9. 9. Step 2: Identify the industry players •What companies/museums/universities/government agencies/non-profits are in that area? •What projects have these organizations completed in the past? •What is the organization’s specialty/niche? •Who works for these organizations? •What are these employees’ specialties and research interests? •What colleges did these folks graduate from?
  10. 10. You need to know who and what you’re dealing with so you can find a common link that will help you make a memorable impression. You also need to find organizations that have work
  11. 11. 1. Create a LinkedIn profile 2. Search for companies/organizations on LinkedIn that hire archaeologists in your target area 3. Search for these company’s employees 4. Go online and search for these employees’ Twitter or Facebook pages. Find out about their interests and activities 5. Use Google Scholar and JSTOR to find their academic articles in order to learn about their interests and identify potential research collaborations 6. Get your contact’s email/work phone numbers from their company website Use the internet to your advantage
  12. 12. Do research but don’t be a creeper You want to learn about the people that you will work with in the future. This stuff is already on the internet so its public information. Don’t invade someone’s privacy by calling them at home or asking to friend them on their personal Facebook without permission
  13. 13. Creepers will be maligned and professionally ruined in a close-knit industry like archaeology
  14. 14. Step 3: Establish meaningful connections Once you’ve identified a common interest, contact some of the employees at the organizations you’re interested in
  15. 15. •Talk about previous projects •Ask about stuff they’ve done •Ask about additional reading or similar projects •Be sincerely interested in their work •DON’T ASK FOR A JOB RIGHT OFF THE BAT •You want to establish a cordial, professional relationship that might result in a job or reference someday Here’s How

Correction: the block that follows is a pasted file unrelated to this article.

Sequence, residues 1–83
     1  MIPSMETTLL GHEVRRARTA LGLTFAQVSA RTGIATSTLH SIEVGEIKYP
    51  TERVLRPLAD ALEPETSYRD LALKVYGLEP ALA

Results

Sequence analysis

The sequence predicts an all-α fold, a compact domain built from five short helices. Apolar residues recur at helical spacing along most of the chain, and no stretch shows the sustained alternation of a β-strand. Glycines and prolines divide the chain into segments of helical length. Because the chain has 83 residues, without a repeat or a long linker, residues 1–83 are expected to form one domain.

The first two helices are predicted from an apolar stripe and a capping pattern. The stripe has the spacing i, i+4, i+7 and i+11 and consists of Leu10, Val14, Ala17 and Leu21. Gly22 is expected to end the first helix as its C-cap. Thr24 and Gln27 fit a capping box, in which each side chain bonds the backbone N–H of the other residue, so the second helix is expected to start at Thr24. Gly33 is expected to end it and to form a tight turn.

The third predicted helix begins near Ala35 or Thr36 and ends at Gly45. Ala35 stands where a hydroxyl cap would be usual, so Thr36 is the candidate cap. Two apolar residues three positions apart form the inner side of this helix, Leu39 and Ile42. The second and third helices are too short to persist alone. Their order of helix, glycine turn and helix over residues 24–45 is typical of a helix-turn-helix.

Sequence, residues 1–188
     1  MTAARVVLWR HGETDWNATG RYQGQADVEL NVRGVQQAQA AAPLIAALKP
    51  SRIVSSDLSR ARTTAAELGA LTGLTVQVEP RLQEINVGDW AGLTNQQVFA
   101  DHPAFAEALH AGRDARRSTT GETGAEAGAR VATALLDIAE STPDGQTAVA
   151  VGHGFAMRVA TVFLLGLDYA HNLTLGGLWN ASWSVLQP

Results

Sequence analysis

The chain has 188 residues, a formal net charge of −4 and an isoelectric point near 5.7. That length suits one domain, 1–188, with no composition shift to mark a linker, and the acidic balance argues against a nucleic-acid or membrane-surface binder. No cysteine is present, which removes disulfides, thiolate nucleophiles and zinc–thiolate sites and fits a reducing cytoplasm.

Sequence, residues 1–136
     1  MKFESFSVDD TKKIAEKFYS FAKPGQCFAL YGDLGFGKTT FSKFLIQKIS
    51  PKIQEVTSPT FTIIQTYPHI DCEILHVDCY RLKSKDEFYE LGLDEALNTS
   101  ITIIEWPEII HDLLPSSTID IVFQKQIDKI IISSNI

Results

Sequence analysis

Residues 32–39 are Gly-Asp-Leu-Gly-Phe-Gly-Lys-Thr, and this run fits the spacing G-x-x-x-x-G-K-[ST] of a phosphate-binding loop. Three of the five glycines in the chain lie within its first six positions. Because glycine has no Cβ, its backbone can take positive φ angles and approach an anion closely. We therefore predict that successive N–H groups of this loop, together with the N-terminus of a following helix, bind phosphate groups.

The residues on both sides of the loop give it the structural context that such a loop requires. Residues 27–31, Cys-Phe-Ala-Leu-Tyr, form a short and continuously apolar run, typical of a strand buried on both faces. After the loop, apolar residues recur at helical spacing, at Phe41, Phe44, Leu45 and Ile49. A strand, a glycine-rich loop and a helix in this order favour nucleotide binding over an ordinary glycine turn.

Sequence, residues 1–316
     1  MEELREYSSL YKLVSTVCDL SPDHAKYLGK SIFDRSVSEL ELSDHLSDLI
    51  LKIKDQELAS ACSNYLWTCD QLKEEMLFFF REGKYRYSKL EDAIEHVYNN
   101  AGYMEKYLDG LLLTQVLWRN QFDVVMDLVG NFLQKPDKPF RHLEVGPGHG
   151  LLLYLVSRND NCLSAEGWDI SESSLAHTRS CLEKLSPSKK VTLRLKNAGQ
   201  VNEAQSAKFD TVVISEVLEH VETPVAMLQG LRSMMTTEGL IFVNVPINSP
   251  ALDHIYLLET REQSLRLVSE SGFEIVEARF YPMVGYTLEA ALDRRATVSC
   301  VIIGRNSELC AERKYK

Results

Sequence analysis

16. 16. Step 4: Use the collected information to find job leads You’ve established contact. Now find out: 1. Does your contact know of any job openings in their company/organization/agency? 2. Do they know of openings at any other organizations? 3. Do they know of any projects going down anywhere in your target area? 4. Are the jobs they know about at organizations they’d recommend you work for? 5. If the job isn’t at a reputable organization, which organizations does your contact think are reputable?
  17. 17. Most importantly Will they let you “name drop”? This will give you a local “reference” of sorts
  18. 18. Companies don’t hire workers They hire people. They’ll hire people they know, like, or think can help the company even if they don’t have a posted job opening
  19. 19. Step 5: Seal the deal
  20. 20. Don’t waste time with an email or applying to a job opening
  21. 21. Make sure to • Explain how you can make or save the organization money on their upcoming project(s) • Name drop (if possible) and tell the manager what you know about the local archaeology market • And, ASK FOR THE JOB! Don’t be coy. You need work and they need your skills.
  22. 22. This 5-step process will improve your job search
  23. 23. You will be actively guiding your job search and creating your own position
  24. 24. An estimated 70% of jobs are found in the “Hidden Job” market The “hidden job” market is not posted online or advertised anywhere. It’s the place where people “in-the- know” create jobs for themselves
  25. 25. Let’s Recap: Step 1: Identify a target area Step 2: Identify the industry players Step 3: Establish meaningful connections Step 4: Use your collected information Step 5: Seal the deal
  26. 26. Wanna learn more about archaeology job searching? Visit my website: www.succinctresearch.com/blog
  27. 27. Figures attributions • Photographs obtained from open-source stock on Wikimedia Commons • “Cash for Work” from the Noun Project • “City” Rémy Médard, from the Noun Project • “City” inna bolenkey, from the Noun Project
  28. 28. Succinct Research Learn what you never learned in college Articles, Courses, and eBooks for cultural resource management, historic preservation, and heritage conservation professionals www.succinctresearch.com